So when I last posted, I was in Kenya getting licked by a giraffe. I am currently sitting on my friend's couch in Moscow. In getting from A to B, I had high tea in true Nairobi colonial style with my buddy Johnny Norseman, went on a mini-safari with same, presented findings to Ministers, got project plans approved, spent every waking hour in the World Bank office, been the victim of identity theft, bought new sneakers, flown back and forth across the Atlantic on consecutive days, and am now in Russia on vacation until the end of the month.
And I am going to be honest, vacation feels pretty damned good. Moscow is nothing like I expected it to be. It is as European as Paris, and as expensive as New York. Driving a Bentley is hip here. I am not sure I had ever even seen a Bentley.
I have been on the no-rush tourist schedule here because I am going to try to relax a bit. This means sleeping late, lingering over my lunchtime bowl of borscht and a good book, eating dinner late at outdoor cafes and drinking it the sun goes down (which, conveniently, pretty much never happens this far north in mid-summer.) I have managed to see a couple of the major sites though. My first day was the Tretyakov gallery, which had all the highlights of the Russian painters throughout the ages. Next day it was the Novodevichy Convent and Cemetery. The convent was nice, all gold dome and tsarist intrigue, but I like the cemetery better. Famous poets, authors, performers, writers, Boris Yeltsin, all buried here. The Yelstin memorial looks somewhat worryingly like a overweight drunk guy sleeping under a Russian flag, but it might just be the New Russia sense of humor that I don't always get.
The following day I felt like I was hitting my tourist stride and made my way down to Red Square. The square itself is massive (a somewhat expected characteristic in a place formerly used to parade tanks). It is bordered on one side by St. Basil's Cathedral (the terribly iconic and photogenic onion domed church), one side by the Kremlin (which looks like a very nice 1970's office building, with a really nice palace and old churches out back), and, in true New Russia style, on two sides by shopping malls. One, GUM, is famous for being the place where us little capitalist children would be sent for punishment in the 80's if we didn't stop whining in Toys R Us. Cold, long lines, nothing on the shelves, waiting hours, with nothing but moldy potato in our bellies, to maybe have the chance of spending a month's salary to buy a yo-yo or pair of boots. It is somewhat different these days. Everything still cost more than I make in a month, but that's because they are selected for the Bentley driving set. The historic building (from the early 1900's) has been restored, with ornate iron walkways, fountains, and a glass roof. (If there is a heaven and my sister Katie gets to go, this is pretty much what it would look like.) Then I filled in the afternoon with a couple of the Lesser Known Onion Domed Churches around St. Basil's, and with a trip to the Kremlin armoury (home of the famous Faberge Eggs). Then I spent the rest of the afternoon trying to sort out my "dokuments" (which I feel will be a continuing theme in my life here...)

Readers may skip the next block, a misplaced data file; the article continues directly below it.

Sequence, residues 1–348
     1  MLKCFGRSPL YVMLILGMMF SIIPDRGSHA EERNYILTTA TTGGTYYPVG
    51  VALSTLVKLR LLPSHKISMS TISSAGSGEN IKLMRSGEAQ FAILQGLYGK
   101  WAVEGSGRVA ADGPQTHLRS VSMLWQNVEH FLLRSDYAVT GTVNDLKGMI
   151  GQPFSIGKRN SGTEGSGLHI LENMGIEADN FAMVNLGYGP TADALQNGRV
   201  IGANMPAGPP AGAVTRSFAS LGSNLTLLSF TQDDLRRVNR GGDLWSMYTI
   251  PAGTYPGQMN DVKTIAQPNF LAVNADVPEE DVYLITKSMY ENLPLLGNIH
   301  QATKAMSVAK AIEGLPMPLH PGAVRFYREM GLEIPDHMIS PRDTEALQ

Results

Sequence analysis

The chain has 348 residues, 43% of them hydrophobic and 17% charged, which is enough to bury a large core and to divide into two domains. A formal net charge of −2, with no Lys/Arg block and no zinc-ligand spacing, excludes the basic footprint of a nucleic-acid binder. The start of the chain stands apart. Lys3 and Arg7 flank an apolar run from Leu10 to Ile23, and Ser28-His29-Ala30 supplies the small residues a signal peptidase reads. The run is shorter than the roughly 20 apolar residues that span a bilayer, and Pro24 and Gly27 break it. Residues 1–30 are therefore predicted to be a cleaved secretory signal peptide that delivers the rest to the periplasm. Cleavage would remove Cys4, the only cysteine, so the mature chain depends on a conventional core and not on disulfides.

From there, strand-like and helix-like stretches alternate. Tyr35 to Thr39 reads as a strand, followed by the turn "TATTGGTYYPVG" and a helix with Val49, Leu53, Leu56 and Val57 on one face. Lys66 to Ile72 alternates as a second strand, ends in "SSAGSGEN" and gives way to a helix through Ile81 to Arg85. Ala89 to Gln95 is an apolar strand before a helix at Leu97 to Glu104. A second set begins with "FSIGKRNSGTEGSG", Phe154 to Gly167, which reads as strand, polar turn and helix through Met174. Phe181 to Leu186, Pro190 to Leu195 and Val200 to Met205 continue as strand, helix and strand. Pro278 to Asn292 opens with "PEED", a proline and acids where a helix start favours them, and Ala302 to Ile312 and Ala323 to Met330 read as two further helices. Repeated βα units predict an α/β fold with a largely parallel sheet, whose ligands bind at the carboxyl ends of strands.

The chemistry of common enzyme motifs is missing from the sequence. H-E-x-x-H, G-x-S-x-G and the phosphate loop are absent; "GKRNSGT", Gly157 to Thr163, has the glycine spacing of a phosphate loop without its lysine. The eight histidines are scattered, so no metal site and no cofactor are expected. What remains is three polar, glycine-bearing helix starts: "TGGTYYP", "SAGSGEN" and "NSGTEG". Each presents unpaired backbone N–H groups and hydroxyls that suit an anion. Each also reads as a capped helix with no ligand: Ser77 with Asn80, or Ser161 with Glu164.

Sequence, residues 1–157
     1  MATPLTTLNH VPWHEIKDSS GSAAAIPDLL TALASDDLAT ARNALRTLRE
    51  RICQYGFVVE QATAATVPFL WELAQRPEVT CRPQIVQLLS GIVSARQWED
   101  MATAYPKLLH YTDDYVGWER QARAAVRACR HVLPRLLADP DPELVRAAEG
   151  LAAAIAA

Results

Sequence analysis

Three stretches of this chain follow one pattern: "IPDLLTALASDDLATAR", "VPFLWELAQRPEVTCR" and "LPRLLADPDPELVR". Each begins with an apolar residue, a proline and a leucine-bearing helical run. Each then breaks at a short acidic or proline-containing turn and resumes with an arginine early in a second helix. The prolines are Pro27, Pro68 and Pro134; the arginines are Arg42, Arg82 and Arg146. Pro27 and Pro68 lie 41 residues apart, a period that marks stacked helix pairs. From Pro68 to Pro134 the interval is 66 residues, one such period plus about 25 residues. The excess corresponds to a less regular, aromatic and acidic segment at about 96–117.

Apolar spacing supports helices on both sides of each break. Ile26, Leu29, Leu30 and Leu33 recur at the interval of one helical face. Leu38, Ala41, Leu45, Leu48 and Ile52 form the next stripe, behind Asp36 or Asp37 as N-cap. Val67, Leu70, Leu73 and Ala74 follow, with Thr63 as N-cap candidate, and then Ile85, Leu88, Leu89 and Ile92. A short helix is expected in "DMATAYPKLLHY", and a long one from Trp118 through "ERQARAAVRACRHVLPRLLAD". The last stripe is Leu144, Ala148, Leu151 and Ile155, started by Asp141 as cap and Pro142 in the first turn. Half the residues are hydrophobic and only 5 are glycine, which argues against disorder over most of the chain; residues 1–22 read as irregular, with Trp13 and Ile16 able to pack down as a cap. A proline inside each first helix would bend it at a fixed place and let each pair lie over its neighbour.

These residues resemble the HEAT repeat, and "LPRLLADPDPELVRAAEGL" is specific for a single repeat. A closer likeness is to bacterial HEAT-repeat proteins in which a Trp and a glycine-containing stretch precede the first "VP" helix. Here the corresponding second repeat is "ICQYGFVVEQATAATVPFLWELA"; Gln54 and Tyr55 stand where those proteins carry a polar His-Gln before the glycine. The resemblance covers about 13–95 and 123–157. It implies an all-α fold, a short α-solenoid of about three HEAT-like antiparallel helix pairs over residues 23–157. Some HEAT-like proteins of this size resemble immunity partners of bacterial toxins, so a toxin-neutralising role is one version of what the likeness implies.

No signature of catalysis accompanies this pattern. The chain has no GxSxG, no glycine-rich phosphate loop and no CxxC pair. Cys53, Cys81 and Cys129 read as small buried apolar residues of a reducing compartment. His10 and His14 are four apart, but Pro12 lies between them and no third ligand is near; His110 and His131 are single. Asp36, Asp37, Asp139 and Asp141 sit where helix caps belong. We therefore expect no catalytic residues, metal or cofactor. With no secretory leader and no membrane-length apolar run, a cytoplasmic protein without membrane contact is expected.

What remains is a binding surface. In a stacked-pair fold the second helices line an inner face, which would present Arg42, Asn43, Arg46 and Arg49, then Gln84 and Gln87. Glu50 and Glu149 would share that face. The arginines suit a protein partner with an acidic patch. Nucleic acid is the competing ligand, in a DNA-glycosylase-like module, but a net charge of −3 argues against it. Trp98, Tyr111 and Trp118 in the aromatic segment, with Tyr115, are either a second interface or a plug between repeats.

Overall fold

The next day started off with a return to Red Square to visit the Lenin Mausoleum. My two minute walked by the preserved Soviet hero allowed me, along with visiting Mao in 2001 and Ho Chi Mihn in 2004, to pick up the Embalmed Communist Leader Hat Trick. Life goal #923874, CHECK!
Then I poked around the Kremlin grounds for a few hours, with their churches and office buildings and guards. The visit was punctuated by Mercedes with blacked out windows screaming past a full speed, lest we forget that this is the center of a working government. (Side note: One thing I have learned since being here in Moscow is that if you, as a pedestrian, gets hit by a car, it's your fault. No matter if it is in the road, on the sidewalk or in your front hall. Your shattered femur means nothing against a bumper scratch on a Bentley.) I spent the rest of the day walking around town, working on my "dokuments" and trying to eat. I am having a bit of a rough go at eating here. I speak no Russian and can only very rudimentarily make out the Cyrillic alphabet. I have resorted to eating mostly in cafeteria-style places, where I can at least point to edible looking items. And I have been eating a lot of beets. I really like beets.
That is pretty much it for now. I took a ride on a boat down the Moscow river today to pick up any last lingering onion domed churches that I may have overlooked, and am headed out to St. Petersburg on the 2 am train tonight. There are four of us headed up to celebrate the 4th of July weekend. I am excited. I am never in the United States for the 4th (twice in the last 10 years), so there is usually no one to celebrate with. Last year I spend the day in rural Tanzania declaring my independence from the British kid at the office.